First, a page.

Hugh Grant Embraces Complexity in Acting
By Peter Marks
The Washington Post
NEW YORK -- Hugh Grant is having a Hugh Grant moment in a luxury hotel suite near the tip of Lower Manhattan. Greeting a guest with an offer of refreshment, he hovers over an espresso maker, holding a delicate little demitasse cup.
The mischievous machine, though, spews more liquid than the cup can contain, and soon Grant is left standing there, like one of those charmingly thwarted gentlemen in a Hugh Grant comedy, watching a minor mechanical catastrophe unfold. A few words of pained regret are muttered; a larger coffee cup is quickly secured, and with an apologetic look and minimal spillage, the calamity is averted.
It’s an endearing way to be welcomed into the company of Grant, who at 55 is still sleek and, with the exception of a few more creases in his classic leading-man features, boyishly handsome.
“It was not my ambition to be a professional actor,” the Oxford-educated Grant says, reminiscing about how he got from there to here for his latest venture, co-starring with Meryl Streep in a quirky new Stephen Frears film, “Florence Foster Jenkins,” about a tone-deaf would-be opera singer and the man who reinforces her illusions.
There are, it seems, little accidents in Grant’s daily life, and more consequential ones. He’d done some college acting while reading English at Oxford, he says, and even appeared in a student film that he forgot all about as soon as he left school, when he was contemplating an additional degree.
“After I graduated that summer,” he recalls, “someone called up and said, ‘We’re showing that film tonight in London, in Piccadilly. Come and have a look.’
“So I remember going along on my bicycle, and watching it, and then there were these agents afterward who said, ‘Uh, hey, do you want to be an actor?’ I said, ‘No thank you very much. I want to do this history of art degree.’ And then I thought, actually, you know, maybe I’ll do it for a year because I have no money. And then one year turned into 35.”
With the fact-based “Florence Foster Jenkins,” he’s gotten hold of one of the more enigmatic characters he’s ever tackled, a failed English actor named St. Clair Bayfield who lives with Jenkins, an American heiress and philanthropist played by Streep. With his dashing poker face, he leads New York society of the 1920s, ’30s and ’40s in an odd charade about the pleasures of Florence’s dreadful voice. Although it’s a harmless delusion under which Florence labors, while St. Clair is harboring other, more hurtful secrets, the movie compels you to wonder at St. Clair’s motives: Was he using Florence or being her rock?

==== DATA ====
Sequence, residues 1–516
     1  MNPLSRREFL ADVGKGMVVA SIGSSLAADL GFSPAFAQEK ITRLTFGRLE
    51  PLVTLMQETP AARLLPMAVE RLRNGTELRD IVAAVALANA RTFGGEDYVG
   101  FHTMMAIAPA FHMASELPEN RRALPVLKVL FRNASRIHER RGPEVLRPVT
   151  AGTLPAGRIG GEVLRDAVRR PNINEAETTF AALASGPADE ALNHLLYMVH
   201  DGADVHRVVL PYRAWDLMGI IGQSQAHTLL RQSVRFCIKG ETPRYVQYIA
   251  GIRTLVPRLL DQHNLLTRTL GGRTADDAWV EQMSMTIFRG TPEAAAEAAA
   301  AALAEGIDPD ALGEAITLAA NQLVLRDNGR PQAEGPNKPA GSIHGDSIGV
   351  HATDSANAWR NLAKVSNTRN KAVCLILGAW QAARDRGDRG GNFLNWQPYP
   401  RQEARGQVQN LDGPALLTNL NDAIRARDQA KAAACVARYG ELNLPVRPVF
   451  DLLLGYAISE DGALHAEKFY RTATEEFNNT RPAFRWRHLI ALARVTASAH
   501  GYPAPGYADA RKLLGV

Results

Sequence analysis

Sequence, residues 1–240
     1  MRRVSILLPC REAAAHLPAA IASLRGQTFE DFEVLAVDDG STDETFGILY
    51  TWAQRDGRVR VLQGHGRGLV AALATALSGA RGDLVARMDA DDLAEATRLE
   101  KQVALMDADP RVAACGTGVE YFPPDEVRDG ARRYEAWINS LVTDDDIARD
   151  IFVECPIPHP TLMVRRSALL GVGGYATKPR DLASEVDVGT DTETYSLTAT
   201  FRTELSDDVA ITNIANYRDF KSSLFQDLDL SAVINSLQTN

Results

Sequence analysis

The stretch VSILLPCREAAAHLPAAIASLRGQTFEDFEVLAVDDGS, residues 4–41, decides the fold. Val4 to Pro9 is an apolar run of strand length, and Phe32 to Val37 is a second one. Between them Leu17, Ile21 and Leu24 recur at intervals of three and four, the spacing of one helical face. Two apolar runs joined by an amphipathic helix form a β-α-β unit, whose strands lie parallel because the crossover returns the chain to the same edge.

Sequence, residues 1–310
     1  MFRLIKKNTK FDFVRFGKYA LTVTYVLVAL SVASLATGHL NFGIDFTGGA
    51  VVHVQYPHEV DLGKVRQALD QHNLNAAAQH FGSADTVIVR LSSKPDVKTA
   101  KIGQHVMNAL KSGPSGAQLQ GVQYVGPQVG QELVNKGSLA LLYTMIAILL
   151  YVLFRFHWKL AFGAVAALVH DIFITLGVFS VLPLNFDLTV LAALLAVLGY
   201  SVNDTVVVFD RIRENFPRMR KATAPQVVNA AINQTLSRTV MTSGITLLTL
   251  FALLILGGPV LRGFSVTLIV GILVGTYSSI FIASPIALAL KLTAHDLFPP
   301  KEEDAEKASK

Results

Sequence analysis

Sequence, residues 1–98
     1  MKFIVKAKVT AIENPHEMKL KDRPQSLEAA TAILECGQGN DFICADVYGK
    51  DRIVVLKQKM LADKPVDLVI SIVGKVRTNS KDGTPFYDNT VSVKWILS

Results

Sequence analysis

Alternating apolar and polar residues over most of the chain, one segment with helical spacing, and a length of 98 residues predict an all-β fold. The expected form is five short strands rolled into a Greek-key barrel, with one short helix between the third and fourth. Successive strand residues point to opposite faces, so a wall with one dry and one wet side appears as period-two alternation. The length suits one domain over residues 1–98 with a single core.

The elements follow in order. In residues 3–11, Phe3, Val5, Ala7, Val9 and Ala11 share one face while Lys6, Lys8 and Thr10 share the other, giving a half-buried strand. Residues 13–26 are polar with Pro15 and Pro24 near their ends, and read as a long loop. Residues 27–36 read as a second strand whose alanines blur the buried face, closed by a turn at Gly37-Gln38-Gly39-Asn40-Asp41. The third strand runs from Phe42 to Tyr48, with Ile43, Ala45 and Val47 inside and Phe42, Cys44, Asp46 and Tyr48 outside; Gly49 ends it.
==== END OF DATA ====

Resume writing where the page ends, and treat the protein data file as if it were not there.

“I was rather attracted to the fact that I think it’s both,” Grant says. “It’s very true that you can be both selfless and selfish at the same time. What we tend towards, particularly in filmmaking, is this binary sort of, this is a good guy, this is a bad guy. And I quite like the fact that life is a bit more complex than that.”
Grant is an engaging converationalist, and so the discussion briskly moves from movies to Brexit to the media. Several years ago, he became deeply involved with a public cause in Britain, advocating for legislation that would curb press excesses of the sort that led to the phone hacking scandal that engulfed Rupert Murdoch’s newspaper News of the World. Grant donated the damage settlement he himself received from the now-defunct Sunday tabloid for hacking his phone to the Hacked Off reform campaign, in which he’s still active.
Grant has managed to evolve a maturer screen presence. That, it seems, is no accident at all.
“It turns out all those things I used to slightly sneer at, Stanislavsky or Lee Strasberg or Method, some of those (acting) techniques I think really do work,” he says.